JH: One of the really fun things about writing the book was that we got to investigate many different causal threads that we couldn’t really address in the article. And so in the last half of the book we investigate six different threads that all combine to create the problem we’re now facing now.
In terms of recent history, I can just point to a few things. One is rising wealth and declining family size all over the world, which means that people invest more in each child. Second, as competition for university in the United States rose and rose, the pressure on children to spend their childhood preparing for college increased, which meant they had less time for play.
Third, and among the most important of all factors, the changing media environment of the 1980s, with cable TV, meant that any child who was abducted could now become the front and center of everyone’s consciousness for weeks and weeks. There could be 24-hour coverage.
MK: You mention two specific cases.
JH: That’s right. Etan Patz [abducted in 1979 and presumed dead] and Adam Walsh [abducted in 1981 and decapitated]. By the 1990s, children and parents are surrounded by photographs of missing children, not just on milk cartons but even on pizza boxes and electric bills. Now, most of them were not kidnapped by a stranger, they were usually taken by the non-custodial parent. But parents became very fearful.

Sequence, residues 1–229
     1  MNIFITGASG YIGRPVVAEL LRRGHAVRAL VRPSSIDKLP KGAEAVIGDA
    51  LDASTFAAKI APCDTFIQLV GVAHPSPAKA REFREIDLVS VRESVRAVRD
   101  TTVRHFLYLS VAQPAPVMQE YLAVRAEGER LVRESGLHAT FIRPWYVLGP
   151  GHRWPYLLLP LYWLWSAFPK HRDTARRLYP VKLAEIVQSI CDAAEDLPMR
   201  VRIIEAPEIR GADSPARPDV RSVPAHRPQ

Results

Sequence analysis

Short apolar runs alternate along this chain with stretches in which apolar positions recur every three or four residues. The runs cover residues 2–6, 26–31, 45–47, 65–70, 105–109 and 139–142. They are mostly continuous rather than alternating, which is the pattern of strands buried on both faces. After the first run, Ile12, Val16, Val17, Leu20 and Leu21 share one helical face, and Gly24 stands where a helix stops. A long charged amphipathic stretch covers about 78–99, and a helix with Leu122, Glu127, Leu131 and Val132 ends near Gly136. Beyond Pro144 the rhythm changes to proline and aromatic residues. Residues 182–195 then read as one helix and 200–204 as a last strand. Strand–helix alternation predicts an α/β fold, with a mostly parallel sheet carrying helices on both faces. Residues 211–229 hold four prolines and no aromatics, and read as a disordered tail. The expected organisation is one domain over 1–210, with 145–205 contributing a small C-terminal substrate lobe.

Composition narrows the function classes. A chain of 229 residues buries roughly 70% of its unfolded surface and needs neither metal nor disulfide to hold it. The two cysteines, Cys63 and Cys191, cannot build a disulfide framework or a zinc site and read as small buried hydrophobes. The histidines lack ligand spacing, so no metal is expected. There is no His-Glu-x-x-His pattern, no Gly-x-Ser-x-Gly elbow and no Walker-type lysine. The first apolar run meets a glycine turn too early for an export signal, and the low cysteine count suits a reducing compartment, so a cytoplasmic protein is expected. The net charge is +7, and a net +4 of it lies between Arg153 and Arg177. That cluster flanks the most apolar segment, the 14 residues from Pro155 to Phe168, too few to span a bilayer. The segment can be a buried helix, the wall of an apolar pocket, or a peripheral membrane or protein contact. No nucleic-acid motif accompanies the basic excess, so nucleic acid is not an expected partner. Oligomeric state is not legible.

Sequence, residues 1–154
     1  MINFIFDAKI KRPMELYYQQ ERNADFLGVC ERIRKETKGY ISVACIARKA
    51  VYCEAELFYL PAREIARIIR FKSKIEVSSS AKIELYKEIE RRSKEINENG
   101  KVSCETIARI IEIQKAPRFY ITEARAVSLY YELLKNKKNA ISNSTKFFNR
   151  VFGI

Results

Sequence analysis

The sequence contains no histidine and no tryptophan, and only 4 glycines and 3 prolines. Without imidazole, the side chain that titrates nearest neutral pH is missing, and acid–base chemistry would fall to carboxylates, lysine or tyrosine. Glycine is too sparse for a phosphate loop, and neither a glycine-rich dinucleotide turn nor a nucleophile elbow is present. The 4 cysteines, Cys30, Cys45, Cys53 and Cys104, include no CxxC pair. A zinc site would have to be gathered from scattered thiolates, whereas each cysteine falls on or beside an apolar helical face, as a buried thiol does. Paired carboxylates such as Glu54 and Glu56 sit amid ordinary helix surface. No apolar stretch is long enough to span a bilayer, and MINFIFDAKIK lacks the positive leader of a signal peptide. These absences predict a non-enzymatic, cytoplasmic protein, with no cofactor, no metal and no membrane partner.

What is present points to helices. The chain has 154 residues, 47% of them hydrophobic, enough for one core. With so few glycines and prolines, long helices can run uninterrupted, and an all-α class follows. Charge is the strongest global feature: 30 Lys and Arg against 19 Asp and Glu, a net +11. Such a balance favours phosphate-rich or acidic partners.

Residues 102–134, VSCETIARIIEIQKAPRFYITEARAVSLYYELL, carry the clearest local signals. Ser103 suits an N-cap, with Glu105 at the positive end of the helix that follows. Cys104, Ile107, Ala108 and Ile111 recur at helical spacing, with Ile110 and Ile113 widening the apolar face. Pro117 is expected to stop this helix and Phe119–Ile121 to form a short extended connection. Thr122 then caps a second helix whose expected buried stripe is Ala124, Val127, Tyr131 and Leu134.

So until the 1980s, almost all children had unsupervised play time. Almost everyone I talked to who’s over about 40 remembers going out to play. Then you’d come back in for dinner. But sometime in the 1990s that stopped for most middle-class families and above.
Now, when I speak at colleges and ask the students at what age they could walk over to a friend’s house or play outside with no adult knowing where they were, the answer is normally around 13 or 14. It’s rarely below twelve. So this is one of the biggest factors.
We’ve taken these antifragile kids who need to have adventures, who need to push themselves and test themselves, and we’ve said, “No, you can’t do that. You’re not ready to practice freedom until you are 14.” And there are other factors as well. Like rising political polarization, which didn’t affect childhood, but it affected what we do and think and say on campus.
MK: You referred to Twenge’s book earlier. She centers her argument on social media and says that one of the reasons kids aren’t outside playing is that they’re inside on their phones. So it’s not that they’re socializing less per se, it’s that they’re socializing in this new way. And iGen are the first generation to grow up immersed in that culture. What role is that playing in the fragility trend?
JH: Twenge points to social media as the main cause of the problems. The timing is perfect for her social-media hypothesis — the depression and anxiety rates start marching upward in roughly 2011, and I’m confident she’s right that this is a contributor. But we have no idea how big a contributor. I think the loss of free play in childhood and the rise of over-supervision are at least as large, and that begins in the 1990s, before social media. So I think those are the two biggest causes — social media and the decline of unsupervised play. But in our book we discuss many others.